When I tell students that I’m graduating this May 13, I get either of two generic responses. Upperclassmen ask, “Why haven’t I seen you before?” Underclassmen stare for a moment before saying, “Oh, you must have done Running Start.” Yes, I’m graduating early. Two years ahead of schedule, in fact, at the unripe age of 19. While other seniors may be planning to celebrate with their friends over drinks, I’m on campus with the friends who I feel like I only just met and will soon leave behind.
After learning of my early graduation, their next question is usually, “Are you excited?” To which I briskly reply, “No.” Instead of excited, it feels as if I’m cheating myself out of two more years at a place I’ve loved since my first visit. So why am I not staying two more years? I’m still waiting for a generous donor to make that possible, if you know any.
This column isn’t meant as a diatribe against the cruelties of early graduation, though. Instead, I’m writing a letter of advice to you, the students who will be here next year.
As one of my professors, Jim McPherson, likes to remind his classes, students do not come to Whitworth for a degree. If all they wanted was a degree to be successful, they could get any public higher education for less tuition. No, we come to Whitworth to learn about more than science or art. The problem is you can miss everything worth learning if you only show up to classes and do the homework.
If you’re the average Whitworth student, you’ll stay here four years and leave. Those years are shorter than they appear at Traditiation. They’ll disappear if you are not quick to grab onto the memorable moments that matter. What those moments will be depend on you, but in my experience, they are the moments when you reflect one-on-one with your professor on how what you’re learning applies to your life, when you go to a campus club on your own just because it sounded interesting and you want to meet more people, when you ask someone to hear more about their life beyond schoolwork.
I knew coming into Whitworth that I would have half as much time here as a traditional student. I didn’t want to waste any time being hesitant about meeting people. My first semester, I asked Keith Beebe, my D-group leader, to coffee through the Dine With a Mind program. I have used the program to talk with other professors every semester since then.
I also invite friends to coffee who I would like to know on a deeper level but don’t see often when left to our regular schedules. Sometimes I’ve only met these students once and know I might not have the opportunity to talk with them again unless I make it a priority. I gladly put off homework until the last minute if it means creating a closer relationship and hearing someone’s life story. That’s living intentionally.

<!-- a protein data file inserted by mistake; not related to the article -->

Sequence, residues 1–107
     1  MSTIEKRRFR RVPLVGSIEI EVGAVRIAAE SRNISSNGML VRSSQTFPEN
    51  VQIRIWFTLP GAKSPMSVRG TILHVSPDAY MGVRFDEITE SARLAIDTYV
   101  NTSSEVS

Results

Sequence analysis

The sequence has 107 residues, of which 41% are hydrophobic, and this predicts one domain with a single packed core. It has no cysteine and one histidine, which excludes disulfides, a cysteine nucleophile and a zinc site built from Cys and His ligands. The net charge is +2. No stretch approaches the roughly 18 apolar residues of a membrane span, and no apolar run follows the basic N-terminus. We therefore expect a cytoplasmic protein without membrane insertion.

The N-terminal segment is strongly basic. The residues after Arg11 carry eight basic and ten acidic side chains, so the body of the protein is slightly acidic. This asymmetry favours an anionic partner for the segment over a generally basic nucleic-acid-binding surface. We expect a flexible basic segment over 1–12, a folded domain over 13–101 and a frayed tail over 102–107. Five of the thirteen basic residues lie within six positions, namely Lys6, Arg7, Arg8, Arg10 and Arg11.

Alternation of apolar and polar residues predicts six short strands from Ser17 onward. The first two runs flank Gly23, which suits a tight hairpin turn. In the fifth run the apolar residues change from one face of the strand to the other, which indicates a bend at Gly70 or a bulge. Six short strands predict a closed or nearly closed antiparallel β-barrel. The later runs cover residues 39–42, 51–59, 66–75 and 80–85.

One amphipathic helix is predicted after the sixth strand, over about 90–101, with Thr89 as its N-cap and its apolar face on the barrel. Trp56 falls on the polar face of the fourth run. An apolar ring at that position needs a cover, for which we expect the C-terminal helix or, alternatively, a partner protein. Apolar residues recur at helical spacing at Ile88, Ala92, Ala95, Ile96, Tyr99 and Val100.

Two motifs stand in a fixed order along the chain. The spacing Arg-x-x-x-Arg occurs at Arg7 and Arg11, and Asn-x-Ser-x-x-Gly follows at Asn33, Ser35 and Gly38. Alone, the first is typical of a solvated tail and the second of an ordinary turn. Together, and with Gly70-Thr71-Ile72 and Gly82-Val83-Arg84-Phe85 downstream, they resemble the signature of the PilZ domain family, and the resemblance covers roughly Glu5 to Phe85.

Living by purposeful, meaningful choices, like putting a person ahead of a grade, means refusing to float through life. The easy but less satisfying way to live is by letting the current sweep you up. You get into a routine of classes, a job, homework, and eating meals with the same people. You perfect your schedule and memorize it until you can go through an entire day without making any choice more serious than eating either chicken nuggets or pizza. You might get to the end of the day and wonder where the day went in the second before falling asleep.
Intentionality means leaving the beaten path to do something unexpected and different. Intentional choices take thought. They are not part of autopilot programming.
On my part, I enjoy asking to coffee people I want to know better. I don’t wait until there’s a break in my busy life. I don’t wait until the other person makes the “first move.” I swallow any nerves and just ask to set a time. If the person refuses and doesn’t want to talk, what have I lost? My pride? Maybe it damages my confidence, but that will heal by my next coffee date.
Most seniors seem to give up meeting new people by their last semester. What’s the point when they probably won’t see the new people again? In my case, though, I’ve done the opposite. For these last few weeks, I planned coffee and lunch dates with anyone I want to get to know a little more before my departure. I’m still seeking new friends even in this final hour. I don’t want to regret after graduation that I didn’t spend more time with other people in my last weeks as a Whitworth student.
In ten years, I doubt I will remember the scores I get on my finals. I will not care to think back on nights spent staying up late to finish a big essay. Those won’t be memories I will cherish. When I look back on my short time at Whitworth, I want memories of connecting with people I have nothing in common with and hearing their stories. I want to remember late nights when the speech filters come off and people say what scares them and what makes them impassioned.
But I won’t have these memorable moments if I don’t make them a priority and live with the intention of finding them. They won’t happen if I have excuses or get distracted making less important memories.
So my challenge for you, the continuing students, is to discover those memories you want of Whitworth. What is most important to you beyond a degree and impressive résumé? If you intentionally make those moments a priority, you’ll find you have time in these four years to make them happen.
Story by Emily Roth Staff Writer
Contact Emily Roth at firstname.lastname@example.org.